so that happened

Clumsy Is as Clumsy Does

Hit the ground running

I am astonishingly clumsy.

I know people often say things like that. They laugh and say “Ooh, I’m such a klutz!” and it’s endearing in a kooky kind of way. Often what they mean is that they dropped their pen a couple of days ago, or they spilled coffee on the table when they put their mug down a little too vigorously.

I am not the endearing, kooky kind of clumsy. I am the full-on, disaster-waiting-to-happen, miracle-I-haven’t-broken-bones-yet, guaranteed-public-humiliation kind of clumsy.

Last month, I was in town chatting with a friend when I tripped. I didn’t trip on the pavement, or on a broken cobblestone. I didn’t even trip on the sneaky leg of an English spy in a bowler hat, hiding behind a newspaper, trying to keep me from accidentally stumbling onto the scene of an international investigation.

I tripped on my own foot.

The toe of my left boot managed to catch the heel of my right foot and I stumbled forward at an angle no human is capable of holding for very long. In an excruciatingly protracted series of movements, I tried valiantly to regain my footing. My friend, startled by my sudden lunge forward, put out her arms to catch me. I caught myself for a fraction of a second – and my friend sighed and pulled back, relieved – before barrelling forward for the second act. Finally, my feet admitted defeat and I hit the tarmac in a hard but almost graceful gliding motion.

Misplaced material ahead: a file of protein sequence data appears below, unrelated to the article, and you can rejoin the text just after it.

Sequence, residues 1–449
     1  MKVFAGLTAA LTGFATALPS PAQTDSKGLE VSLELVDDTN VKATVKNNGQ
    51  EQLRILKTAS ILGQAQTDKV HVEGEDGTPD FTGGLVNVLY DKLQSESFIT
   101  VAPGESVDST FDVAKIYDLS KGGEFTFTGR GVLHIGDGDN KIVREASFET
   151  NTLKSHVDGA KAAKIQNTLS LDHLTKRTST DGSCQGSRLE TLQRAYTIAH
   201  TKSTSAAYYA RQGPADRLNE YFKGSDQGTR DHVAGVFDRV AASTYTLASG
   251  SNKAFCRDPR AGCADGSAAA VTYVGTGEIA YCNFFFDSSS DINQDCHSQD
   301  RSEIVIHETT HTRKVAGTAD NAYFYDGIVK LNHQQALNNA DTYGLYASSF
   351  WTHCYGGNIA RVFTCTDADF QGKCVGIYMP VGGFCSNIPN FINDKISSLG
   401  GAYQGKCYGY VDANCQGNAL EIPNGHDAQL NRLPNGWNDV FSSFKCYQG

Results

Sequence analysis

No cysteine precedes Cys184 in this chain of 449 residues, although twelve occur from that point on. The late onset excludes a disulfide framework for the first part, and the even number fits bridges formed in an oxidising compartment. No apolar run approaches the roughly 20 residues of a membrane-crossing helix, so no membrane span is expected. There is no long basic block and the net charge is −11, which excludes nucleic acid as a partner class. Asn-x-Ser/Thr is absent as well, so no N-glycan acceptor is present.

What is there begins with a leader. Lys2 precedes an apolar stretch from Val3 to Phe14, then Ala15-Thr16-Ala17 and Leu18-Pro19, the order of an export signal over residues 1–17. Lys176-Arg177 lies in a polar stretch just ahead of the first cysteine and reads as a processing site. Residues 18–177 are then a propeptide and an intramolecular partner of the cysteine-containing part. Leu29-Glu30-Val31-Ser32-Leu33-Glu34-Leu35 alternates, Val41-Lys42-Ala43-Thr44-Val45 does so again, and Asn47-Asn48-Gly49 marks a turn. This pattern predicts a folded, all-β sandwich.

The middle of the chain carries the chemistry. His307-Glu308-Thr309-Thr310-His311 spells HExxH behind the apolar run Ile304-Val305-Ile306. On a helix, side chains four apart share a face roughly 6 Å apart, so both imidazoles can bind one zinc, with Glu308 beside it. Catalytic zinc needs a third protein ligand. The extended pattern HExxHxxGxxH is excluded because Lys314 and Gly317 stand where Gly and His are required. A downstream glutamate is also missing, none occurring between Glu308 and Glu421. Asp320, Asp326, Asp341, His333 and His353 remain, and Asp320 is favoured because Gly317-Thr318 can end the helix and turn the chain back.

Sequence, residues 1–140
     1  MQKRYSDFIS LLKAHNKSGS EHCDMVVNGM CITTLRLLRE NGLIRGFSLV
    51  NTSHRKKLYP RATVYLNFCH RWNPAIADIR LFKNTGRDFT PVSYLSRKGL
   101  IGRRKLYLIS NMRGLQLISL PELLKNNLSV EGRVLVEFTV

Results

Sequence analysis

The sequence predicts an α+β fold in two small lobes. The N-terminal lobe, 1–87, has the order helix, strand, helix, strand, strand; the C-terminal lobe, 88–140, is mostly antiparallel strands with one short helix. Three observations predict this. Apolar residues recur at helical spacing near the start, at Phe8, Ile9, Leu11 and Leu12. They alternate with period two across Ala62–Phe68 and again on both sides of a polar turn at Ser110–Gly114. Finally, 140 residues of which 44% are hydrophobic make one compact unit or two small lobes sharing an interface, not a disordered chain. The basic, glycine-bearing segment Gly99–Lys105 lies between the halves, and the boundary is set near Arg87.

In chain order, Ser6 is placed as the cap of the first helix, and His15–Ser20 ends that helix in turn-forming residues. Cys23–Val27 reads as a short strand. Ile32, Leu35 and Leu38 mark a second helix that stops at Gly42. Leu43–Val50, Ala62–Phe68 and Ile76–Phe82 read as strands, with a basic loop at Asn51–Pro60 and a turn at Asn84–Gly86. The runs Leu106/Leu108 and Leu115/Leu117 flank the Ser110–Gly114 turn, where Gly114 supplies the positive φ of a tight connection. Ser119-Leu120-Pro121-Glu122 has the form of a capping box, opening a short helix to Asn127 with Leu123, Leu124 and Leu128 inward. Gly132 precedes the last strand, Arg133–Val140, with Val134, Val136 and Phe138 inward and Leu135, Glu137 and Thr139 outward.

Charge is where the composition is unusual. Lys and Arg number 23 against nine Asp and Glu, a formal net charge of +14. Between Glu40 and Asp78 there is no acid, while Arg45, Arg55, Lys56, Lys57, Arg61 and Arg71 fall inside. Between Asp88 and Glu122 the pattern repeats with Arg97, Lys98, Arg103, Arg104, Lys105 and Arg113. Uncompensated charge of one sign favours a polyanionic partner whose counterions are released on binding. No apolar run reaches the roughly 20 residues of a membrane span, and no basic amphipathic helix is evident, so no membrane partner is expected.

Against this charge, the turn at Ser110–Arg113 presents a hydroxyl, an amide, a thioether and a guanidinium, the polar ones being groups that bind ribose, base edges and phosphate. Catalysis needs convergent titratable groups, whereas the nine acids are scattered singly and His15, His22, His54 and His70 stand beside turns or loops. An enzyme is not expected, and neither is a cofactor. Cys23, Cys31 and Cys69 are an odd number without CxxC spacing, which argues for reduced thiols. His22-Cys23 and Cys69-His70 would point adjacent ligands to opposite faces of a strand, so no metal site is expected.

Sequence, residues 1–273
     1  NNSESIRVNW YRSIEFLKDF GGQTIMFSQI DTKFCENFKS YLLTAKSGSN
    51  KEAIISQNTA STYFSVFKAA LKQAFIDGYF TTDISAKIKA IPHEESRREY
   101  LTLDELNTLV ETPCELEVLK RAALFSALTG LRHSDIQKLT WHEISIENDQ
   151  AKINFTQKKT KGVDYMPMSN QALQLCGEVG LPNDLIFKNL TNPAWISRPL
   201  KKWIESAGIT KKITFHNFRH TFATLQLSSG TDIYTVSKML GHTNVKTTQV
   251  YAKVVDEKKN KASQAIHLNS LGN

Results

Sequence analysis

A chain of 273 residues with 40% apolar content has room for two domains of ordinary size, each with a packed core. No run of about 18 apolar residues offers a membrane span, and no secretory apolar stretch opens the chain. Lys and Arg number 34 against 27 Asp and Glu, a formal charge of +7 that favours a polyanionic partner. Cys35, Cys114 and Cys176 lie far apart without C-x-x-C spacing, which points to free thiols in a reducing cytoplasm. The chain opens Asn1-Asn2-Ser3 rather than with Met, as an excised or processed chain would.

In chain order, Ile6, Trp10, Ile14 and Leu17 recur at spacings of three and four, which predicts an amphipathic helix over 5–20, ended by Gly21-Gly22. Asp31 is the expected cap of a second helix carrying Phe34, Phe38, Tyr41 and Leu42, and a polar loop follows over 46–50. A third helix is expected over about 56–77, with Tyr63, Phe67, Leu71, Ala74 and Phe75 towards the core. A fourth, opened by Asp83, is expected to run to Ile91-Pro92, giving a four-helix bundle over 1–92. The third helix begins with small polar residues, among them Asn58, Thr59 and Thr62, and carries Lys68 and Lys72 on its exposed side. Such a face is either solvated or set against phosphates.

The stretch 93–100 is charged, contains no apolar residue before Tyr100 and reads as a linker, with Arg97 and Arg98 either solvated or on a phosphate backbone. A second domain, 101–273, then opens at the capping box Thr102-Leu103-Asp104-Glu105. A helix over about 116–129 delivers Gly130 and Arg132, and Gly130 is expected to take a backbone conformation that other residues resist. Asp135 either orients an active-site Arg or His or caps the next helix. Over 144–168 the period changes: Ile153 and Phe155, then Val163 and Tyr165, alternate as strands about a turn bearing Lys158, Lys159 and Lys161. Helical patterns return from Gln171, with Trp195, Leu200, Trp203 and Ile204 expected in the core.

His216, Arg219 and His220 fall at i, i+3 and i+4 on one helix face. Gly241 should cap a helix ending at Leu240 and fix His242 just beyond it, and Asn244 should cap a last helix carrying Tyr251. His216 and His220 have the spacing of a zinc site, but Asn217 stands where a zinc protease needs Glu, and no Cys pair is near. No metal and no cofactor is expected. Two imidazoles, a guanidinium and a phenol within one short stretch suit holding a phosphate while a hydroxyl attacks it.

Note I said almost.

Once I regained the breath that had been knocked out of me, I rolled over onto my back, laughing. A woman who had been passing by was standing over me with a hand pressed to her chest, her mouth a silent O of horror. My friend, eyes wide, was laughing with a hand over her mouth, which is generally accepted to be the polite way to show you’re concerned but also highly entertained.

The strange woman stepped forward, her handbag swinging from her elbow, and said, “Oh my God, are you alright?”

The last time a stranger asked that of me it was a different woman, with a different handbag, bending over me as I got sick in the gutter at 4am after having had several too many. I briefly considered the fact that strangers only ever use this particular phrase when they are appalled by what they are witnessing.

I thanked her and brushed myself off and reassured everybody that I was fine. I was! I was fine. Only my thigh and my elbow and my ego were grazed in the fall.

Fast forward to a couple of days ago as I sat at the LUAS stop.

As is my habit, I tucked one Adidas Superstar up underneath me on the bench as I waited, listening to music on my phone. As the LUAS pulled up, I took a stride towards it and immediately faceplanted in a perfect arc. This time there was no protracted slow-motion experience. This time I was sitting one moment, and face to the concrete the next.

The aglet of my shoelace had caught in one of the drainage holes of the bench.

Every passenger on the LUAS stared at me through the windows. A girl who had been waiting with me stepped forward before I even knew what had happened. She deftly unhooked me from the bench, leaving me feeling like a salmon who had just had a lucky interaction with a catch-and-release fisherman.